Simultaneity is not intrinsic to nature. It is not something that nature defines or presents to us. It is something that we apply to nature. Simultaneity is not perceived differently by two observers simply by light propagating from two events entering their eyes, going through their nerves and into their brains. They both have to do more work than that to establish which events are simultaneous. And it is work. Hard work.
     
  5. Feb 27, 2014 #4

    WannabeNewton

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    Simultaneity is not a physical observable. It requires conventional information about the space-time outside of your light cone. Only the local light cones are intrinsic to space-time-we call this the conformal structure of space-time.

    In principle we can do many of our calculations without ever introducing simultaneity conventions by elegantly using the abstract index calculus (the Ricci calculus) particularly if we care about geometric properties of space-time, of fields on space-time, and frame-invariant quantities of relativistic kinematics.

    We introduce simultaneity mainly because we want to construct coordinate charts relative to specific observers, or families of observers, in order to describe various physics relative to this observer that doesn't necessarily take place in the vicinity of the observer.
     
    Last edited: Feb 27, 2014
  6. Mar 1, 2014 #5
    What I really wanted to ask was this. For instance, in our frame of reference two events are simultaneous and the light 'from them' reaches our eyes so that the closer one appears first and the more distant one second. Now from a point of view of a different frame, where two events aren't simultaneous, how would this process look like? By this I mean the causal process of those events emitting light which is traveling to the observer previously mentioned, which defines them as simultaneous?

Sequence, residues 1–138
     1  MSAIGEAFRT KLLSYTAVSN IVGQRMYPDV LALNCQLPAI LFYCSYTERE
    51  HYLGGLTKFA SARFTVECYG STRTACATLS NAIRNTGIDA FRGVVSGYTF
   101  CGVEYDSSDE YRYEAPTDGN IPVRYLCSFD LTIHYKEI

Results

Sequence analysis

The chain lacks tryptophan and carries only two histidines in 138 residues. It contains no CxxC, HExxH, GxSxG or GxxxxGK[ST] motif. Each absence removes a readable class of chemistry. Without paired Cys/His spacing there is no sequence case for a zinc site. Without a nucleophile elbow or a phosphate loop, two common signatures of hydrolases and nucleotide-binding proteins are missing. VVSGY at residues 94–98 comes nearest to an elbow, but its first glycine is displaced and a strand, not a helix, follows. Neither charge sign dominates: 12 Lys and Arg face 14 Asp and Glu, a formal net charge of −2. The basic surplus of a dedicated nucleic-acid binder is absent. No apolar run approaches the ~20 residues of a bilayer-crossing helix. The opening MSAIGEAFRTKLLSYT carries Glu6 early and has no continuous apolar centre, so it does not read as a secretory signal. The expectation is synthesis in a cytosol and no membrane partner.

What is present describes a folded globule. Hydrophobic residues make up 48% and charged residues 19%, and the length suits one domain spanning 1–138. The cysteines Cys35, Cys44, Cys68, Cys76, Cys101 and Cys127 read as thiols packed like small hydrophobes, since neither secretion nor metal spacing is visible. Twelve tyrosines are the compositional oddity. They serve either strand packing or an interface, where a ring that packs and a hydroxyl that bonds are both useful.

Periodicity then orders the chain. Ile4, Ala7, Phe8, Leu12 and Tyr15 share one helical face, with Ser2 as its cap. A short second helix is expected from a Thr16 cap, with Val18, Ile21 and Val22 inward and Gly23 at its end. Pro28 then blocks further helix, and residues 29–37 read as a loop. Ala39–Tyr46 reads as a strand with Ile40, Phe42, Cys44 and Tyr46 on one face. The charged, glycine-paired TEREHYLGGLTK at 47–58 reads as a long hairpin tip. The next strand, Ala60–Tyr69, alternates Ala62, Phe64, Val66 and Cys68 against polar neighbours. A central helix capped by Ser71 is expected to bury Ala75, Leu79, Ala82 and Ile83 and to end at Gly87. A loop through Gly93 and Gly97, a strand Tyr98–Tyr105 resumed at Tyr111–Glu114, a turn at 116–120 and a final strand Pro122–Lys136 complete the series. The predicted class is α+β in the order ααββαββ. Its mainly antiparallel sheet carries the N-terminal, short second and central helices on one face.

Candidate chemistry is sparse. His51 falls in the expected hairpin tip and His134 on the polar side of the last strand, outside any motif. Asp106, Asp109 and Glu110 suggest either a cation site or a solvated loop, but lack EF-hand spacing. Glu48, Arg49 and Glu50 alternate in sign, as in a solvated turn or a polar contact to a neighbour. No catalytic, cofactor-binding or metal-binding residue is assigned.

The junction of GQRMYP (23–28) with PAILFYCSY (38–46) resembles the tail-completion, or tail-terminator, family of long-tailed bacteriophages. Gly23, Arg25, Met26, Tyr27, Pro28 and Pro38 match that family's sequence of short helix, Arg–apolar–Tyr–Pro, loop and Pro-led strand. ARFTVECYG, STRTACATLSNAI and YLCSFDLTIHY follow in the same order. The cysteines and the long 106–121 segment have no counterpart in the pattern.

7. Mar 1, 2014 #6
    just imagine yourself at one of the events......what would you observe?
    Then imagine yourself at the other event...what would you observe?

    All three observations 'look' different....but what is actually simultaneous and what isn't is a different issue already explained in prior posts.
     
  8. Mar 1, 2014 #7

    ghwellsjr

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    I already answered your question. You cannot establish simultaneity just by observation. You have to send a signal to the event and wait for a response or echo. You average the sent time with the received time. You do this separately for each event. Those that calculate to the same average time are simultaneous in your rest frame.

    In the example you gave, the two events could be simultaneous if the sent time was later for the event for which you received the light from the event first. You just have to do the calculation to see which events are simultaneous.
     
    Last edited: Mar 1, 2014
  9. Mar 1, 2014 #8

    Nugatory

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    Let's go back to the railroad tracks of Einstein's thought experiments. You are standing next to the tracks, and five light-seconds down the tracks there is a bomb. There's a second bomb ten light-seconds down the tracks. The first bomb explodes (call that event A) and light from the explosion reaches your eyes at five seconds past noon. The second bomb explodes (call that event B) and the light from that explosion reaches your eyes at ten seconds past noon. You correctly conclude that A and B both happened at the same time, noon exactly, so they're simultaneous.

    But if you consider the situation from the view of someone on a train moving down the tracks, you'll find that there's no combination of speed and position that will work out so that the moving observer finds the two events to be simultaneous. You can find a way of getting the light to reach the train guy's eyes at the same time, but only if the two bomb sites are at different distances from him, and you can find ways of getting the light to reach his eyes at different times, but not in ways that will exactly balance the light travel time.